For a two-person jet ski launch, I remove all the rear tie downs before backing up until the PWC trailer is on the launch, but not in the water. Then I unfasten the front hook from one unit so that watercraft is no longer attached to the trailer. My companion then climbs on to the jet ski trailer and aboard the loose watercraft without getting wet. And then I back in far enough that the one Sea Doo floats free so the jet ski rider can start up, back out and dock it. If there’s a second personal watercraft, I pull ahead and repeat the process.

Towing and Launching: Launching Sea Doo or Jet Ski by Yourself…

If I’m alone for the launch, the process is much the same. Except I use the front mooring line to tie the loose jet ski to the PWC trailer so it doesn’t float way before I can get back to it from behind the wheel. Then I either climb on and back it away. Or simply walk the Sea Doo free of the PWC trailer from dry land using the mooring line (one reason why it’s important to have a long one). As a precaution, it’s also a good idea to set your vehicle’s parking brake before you get out to launch your jet ski.

Towing and Launching: Loading Up Sea Doo or Jet Ski…

Towing and Launching

Photo by Allan Glanfield for Ontario Tourism

To re-load my Sea Doo watercraft after jet skiing, I basically the reverse process. First, I ensure that the PWC trailer bunks are in the proper position, not flipped out of place. Then I back in so that the ends of the bunks are covered by water. But the rest of their length is not. This helps ensure that even if my approach on to the trailer is a little crooked, the above-the-water bunks guide the personal watercraft on to make sure each is properly settled and centred. (If the bunks are all under water, the jet ski can float too much and not settle properly in place.) I re-fasten the front hook(s), then get back in my vehicle and release the parking brake before pulling out of the water to put the rear tie-downs tightly in place. It’s also important for me to remember to re-connect the jet ski railer electrical hook up and go back to 2-wheel drive before driving away.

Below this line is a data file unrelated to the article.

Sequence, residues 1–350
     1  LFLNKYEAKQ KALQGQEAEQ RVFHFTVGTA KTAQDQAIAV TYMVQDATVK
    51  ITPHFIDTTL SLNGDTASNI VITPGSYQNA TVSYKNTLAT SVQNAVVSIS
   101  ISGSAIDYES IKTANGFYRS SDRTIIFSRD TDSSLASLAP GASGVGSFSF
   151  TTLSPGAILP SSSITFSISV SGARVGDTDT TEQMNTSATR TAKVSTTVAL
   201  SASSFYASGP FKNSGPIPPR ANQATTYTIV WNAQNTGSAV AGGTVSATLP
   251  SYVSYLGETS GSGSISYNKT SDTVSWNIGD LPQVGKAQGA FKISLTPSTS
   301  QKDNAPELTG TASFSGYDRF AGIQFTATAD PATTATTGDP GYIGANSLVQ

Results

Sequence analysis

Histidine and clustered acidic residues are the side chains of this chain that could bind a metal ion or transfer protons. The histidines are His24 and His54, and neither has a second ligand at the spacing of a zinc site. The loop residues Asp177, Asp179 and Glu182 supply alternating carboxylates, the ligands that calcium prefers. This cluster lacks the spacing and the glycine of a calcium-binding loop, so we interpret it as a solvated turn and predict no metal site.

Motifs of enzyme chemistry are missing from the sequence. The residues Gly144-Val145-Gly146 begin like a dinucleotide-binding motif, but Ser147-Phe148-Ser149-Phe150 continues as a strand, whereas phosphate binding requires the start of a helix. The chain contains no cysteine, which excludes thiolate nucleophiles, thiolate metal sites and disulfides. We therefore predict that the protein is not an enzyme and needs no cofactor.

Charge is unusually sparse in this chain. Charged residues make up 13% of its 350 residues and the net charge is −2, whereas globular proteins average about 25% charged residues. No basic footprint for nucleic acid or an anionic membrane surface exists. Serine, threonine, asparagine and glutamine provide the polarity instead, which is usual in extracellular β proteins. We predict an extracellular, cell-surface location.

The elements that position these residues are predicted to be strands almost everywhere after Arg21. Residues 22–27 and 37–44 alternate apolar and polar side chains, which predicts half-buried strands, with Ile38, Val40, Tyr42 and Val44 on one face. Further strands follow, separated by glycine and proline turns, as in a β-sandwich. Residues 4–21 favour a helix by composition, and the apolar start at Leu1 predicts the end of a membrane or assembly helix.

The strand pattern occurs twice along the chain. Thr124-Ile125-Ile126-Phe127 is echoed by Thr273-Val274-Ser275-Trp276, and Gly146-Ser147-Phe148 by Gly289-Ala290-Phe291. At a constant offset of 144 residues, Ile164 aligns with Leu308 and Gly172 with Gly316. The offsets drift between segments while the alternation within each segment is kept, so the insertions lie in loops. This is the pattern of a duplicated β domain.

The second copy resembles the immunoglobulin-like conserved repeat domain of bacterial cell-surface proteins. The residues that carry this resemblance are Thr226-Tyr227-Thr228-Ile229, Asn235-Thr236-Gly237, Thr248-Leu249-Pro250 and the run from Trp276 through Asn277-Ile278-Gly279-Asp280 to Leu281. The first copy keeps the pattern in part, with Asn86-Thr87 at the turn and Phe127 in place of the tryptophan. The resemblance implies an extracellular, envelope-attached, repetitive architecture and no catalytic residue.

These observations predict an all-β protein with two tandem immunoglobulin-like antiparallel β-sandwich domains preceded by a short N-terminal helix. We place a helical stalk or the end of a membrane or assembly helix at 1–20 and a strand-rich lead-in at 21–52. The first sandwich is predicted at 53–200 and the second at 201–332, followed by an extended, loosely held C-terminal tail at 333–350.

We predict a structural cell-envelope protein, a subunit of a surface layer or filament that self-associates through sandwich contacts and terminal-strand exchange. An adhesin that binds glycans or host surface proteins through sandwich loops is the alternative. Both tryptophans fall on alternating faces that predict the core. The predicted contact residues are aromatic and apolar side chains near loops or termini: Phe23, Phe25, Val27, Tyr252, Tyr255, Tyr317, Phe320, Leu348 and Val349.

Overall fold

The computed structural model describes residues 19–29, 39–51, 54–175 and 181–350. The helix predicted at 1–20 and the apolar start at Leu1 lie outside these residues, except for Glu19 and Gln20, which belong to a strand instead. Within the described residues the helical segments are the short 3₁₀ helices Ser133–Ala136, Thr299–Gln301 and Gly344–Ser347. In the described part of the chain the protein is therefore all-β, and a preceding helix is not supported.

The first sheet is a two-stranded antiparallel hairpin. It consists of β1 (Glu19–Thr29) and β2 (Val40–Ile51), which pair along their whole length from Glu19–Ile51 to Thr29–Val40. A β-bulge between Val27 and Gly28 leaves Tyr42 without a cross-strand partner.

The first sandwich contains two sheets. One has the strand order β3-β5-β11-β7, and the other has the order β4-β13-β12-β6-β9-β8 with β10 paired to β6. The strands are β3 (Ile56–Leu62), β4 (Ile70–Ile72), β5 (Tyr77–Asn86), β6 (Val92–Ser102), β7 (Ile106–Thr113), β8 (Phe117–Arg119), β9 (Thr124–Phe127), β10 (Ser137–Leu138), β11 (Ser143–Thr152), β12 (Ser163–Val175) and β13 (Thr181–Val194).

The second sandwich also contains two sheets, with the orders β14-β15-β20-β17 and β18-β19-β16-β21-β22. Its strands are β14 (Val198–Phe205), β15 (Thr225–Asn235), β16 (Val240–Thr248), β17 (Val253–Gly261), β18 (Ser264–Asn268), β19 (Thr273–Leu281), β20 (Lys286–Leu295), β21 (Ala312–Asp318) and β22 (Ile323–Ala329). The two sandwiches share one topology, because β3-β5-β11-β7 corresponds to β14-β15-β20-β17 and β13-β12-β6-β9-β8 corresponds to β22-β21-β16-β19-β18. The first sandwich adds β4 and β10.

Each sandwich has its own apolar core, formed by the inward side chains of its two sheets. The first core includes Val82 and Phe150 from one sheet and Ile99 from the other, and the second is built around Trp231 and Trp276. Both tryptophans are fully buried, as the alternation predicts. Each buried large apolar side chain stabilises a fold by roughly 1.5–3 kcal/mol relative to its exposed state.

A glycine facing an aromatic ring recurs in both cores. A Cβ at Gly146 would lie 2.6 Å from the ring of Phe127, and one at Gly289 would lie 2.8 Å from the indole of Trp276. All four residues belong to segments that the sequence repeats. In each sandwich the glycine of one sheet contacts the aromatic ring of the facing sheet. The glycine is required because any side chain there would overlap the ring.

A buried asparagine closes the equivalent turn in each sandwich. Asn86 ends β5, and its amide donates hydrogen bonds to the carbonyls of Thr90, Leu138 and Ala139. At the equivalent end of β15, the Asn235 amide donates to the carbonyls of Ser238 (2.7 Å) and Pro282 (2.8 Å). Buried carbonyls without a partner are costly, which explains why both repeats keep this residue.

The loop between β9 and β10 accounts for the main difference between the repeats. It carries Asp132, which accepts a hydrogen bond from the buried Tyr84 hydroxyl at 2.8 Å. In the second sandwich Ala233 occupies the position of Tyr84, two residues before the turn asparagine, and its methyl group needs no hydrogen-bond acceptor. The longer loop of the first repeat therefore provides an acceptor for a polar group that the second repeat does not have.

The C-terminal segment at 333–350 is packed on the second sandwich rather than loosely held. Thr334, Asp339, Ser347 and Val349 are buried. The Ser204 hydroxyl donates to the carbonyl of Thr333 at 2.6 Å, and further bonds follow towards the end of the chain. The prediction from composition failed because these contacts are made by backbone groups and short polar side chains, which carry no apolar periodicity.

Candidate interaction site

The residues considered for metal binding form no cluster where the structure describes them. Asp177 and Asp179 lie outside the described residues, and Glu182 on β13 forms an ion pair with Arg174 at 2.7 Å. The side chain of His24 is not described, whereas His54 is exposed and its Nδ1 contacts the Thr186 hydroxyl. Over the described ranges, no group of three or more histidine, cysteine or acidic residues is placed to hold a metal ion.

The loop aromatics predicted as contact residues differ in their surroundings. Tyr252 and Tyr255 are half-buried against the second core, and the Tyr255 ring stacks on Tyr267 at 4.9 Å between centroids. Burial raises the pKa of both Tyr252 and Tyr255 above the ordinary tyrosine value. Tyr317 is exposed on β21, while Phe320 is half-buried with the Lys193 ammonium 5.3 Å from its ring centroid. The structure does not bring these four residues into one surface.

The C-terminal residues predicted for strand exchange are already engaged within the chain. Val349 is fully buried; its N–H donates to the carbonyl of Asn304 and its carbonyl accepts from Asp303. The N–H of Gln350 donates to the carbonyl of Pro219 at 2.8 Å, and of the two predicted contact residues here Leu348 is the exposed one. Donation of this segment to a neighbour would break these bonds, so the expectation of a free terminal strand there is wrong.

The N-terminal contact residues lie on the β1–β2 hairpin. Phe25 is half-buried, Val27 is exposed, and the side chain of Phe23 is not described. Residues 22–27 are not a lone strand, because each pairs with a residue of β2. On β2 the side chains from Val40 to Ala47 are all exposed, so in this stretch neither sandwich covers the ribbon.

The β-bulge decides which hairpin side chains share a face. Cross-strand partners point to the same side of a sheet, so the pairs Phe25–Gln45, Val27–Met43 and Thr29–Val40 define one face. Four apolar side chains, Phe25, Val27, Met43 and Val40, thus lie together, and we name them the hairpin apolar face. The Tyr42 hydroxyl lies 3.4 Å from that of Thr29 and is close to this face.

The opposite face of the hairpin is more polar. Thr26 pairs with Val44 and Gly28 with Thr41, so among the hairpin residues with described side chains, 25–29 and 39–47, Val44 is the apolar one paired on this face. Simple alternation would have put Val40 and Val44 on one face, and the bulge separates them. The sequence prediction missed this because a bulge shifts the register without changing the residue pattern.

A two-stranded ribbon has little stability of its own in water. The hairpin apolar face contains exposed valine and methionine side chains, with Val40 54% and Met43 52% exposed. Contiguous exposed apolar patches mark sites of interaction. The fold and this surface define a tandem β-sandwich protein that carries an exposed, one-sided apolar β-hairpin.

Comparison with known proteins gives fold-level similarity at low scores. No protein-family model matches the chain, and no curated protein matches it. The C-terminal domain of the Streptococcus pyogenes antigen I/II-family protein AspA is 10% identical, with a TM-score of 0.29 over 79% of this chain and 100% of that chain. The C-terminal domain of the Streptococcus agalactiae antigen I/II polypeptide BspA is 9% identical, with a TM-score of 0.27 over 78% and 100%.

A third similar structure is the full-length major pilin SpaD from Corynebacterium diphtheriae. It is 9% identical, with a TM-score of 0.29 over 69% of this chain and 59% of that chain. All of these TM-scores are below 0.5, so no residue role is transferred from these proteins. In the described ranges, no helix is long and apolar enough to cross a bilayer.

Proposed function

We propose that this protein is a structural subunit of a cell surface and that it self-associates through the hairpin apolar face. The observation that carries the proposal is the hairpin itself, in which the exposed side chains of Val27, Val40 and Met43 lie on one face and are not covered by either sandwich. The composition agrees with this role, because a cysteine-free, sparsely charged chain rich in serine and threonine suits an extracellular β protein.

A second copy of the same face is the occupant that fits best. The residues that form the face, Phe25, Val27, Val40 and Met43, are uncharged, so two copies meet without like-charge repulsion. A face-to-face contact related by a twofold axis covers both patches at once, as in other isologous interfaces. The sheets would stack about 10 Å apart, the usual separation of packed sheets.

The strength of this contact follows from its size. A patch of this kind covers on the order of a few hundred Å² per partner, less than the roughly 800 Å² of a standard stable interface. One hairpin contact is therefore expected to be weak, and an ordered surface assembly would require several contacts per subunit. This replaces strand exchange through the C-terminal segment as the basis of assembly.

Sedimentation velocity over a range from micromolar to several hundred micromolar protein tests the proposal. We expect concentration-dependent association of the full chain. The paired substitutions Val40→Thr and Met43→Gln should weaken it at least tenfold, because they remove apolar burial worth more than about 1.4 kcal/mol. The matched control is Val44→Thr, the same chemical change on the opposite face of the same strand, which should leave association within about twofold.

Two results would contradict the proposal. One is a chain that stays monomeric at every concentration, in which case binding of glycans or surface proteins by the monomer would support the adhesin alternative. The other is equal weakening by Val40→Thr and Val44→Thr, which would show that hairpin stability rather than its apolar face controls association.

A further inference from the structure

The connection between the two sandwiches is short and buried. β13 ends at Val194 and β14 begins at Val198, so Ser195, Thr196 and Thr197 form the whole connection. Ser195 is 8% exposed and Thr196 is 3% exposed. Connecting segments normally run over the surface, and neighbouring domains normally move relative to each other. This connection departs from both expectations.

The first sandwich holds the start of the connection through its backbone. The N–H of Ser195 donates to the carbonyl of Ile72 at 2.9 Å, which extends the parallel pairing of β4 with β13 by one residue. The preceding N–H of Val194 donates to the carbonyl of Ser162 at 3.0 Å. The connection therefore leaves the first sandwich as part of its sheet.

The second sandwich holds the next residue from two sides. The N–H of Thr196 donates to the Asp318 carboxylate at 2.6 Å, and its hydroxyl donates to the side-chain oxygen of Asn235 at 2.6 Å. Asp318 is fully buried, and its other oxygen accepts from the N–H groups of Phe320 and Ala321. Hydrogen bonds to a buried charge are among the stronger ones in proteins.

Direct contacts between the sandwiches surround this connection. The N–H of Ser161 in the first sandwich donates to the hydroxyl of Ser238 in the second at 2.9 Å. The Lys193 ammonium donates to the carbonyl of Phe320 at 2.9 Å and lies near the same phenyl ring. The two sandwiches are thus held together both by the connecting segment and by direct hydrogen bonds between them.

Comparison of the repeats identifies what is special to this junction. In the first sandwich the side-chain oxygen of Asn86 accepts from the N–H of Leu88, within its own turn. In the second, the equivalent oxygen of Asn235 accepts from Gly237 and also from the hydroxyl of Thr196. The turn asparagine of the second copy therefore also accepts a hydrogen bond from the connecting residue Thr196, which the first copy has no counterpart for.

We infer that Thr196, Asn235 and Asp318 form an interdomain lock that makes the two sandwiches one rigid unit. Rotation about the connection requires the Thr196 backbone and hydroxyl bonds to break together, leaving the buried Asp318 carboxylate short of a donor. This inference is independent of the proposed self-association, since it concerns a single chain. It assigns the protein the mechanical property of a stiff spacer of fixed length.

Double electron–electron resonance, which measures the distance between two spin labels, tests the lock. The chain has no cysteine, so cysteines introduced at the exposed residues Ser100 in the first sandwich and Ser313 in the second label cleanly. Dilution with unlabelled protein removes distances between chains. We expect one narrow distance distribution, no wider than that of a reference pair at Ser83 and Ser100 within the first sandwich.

Towing and Launching: Two More Sea Doo and Jet Ski Launch Tips…

Go slow and easy at every launch. Having burst a tire pulling out too fast and seen one guy drop his improperly secured jet ski on a concrete ramp (ouch!) when the PWC trailer jerked ahead, I’ve learned that easing into and out of the water slowly is a much safer way to go. So learn from my Sea Doo trailering mistakes!

Finally, leave your PWC trailer wheels (or tow vehicle wheels) sitting in the water for as short a time as possible. Because getting wet can soak the bearings, brakes, etc, possibly causing malfunction, and certainly rust, corrosion and earlier need for repairs. Happy towing and launching!

Check Out My Favourite Boat Launches!


If you enjoyed this post, check out my other riding tips.

The tips and advice in this article are the opinions of the author, may not work in every situation and are intended only for the convenience and interest of the reader, who has the personal responsibility to confirm the validity, accuracy and relevancy of this information prior to putting it to their own use.